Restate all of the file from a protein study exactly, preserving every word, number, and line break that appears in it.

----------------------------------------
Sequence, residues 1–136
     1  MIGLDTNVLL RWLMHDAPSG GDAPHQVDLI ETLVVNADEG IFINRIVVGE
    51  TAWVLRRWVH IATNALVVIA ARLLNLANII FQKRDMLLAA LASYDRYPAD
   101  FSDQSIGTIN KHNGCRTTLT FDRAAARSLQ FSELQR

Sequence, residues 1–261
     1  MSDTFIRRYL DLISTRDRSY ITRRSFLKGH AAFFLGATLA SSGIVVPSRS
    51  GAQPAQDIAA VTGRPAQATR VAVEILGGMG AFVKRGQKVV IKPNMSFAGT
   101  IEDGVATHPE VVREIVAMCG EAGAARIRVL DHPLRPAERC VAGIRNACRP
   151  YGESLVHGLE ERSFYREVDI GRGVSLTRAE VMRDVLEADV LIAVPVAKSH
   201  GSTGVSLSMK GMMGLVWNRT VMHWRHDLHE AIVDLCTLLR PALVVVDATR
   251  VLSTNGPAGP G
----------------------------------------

Sequence, residues 1–136
     1  MIGLDTNVLL RWLMHDAPSG GDAPHQVDLI ETLVVNADEG IFINRIVVGE
    51  TAWVLRRWVH IATNALVVIA ARLLNLANII FQKRDMLLAA LASYDRYPAD
   101  FSDQSIGTIN KHNGCRTTLT FDRAAARSLQ FSELQR

Sequence, residues 1–261
     1  MSDTFIRRYL DLISTRDRSY ITRRSFLKGH AAFFLGATLA SSGIVVPSRS
    51  GAQPAQDIAA VTGRPAQATR VAVEILGGMG AFVKRGQKVV IKPNMSFAGT
   101  IEDGVATHPE VVREIVAMCG EAGAARIRVL DHPLRPAERC VAGIRNACRP
   151  YGESLVHGLE ERSFYREVDI GRGVSLTRAE VMRDVLEADV LIAVPVAKSH
   201  GSTGVSLSMK GMMGLVWNRT VMHWRHDLHE AIVDLCTLLR PALVVVDATR
   251  VLSTNGPAGP G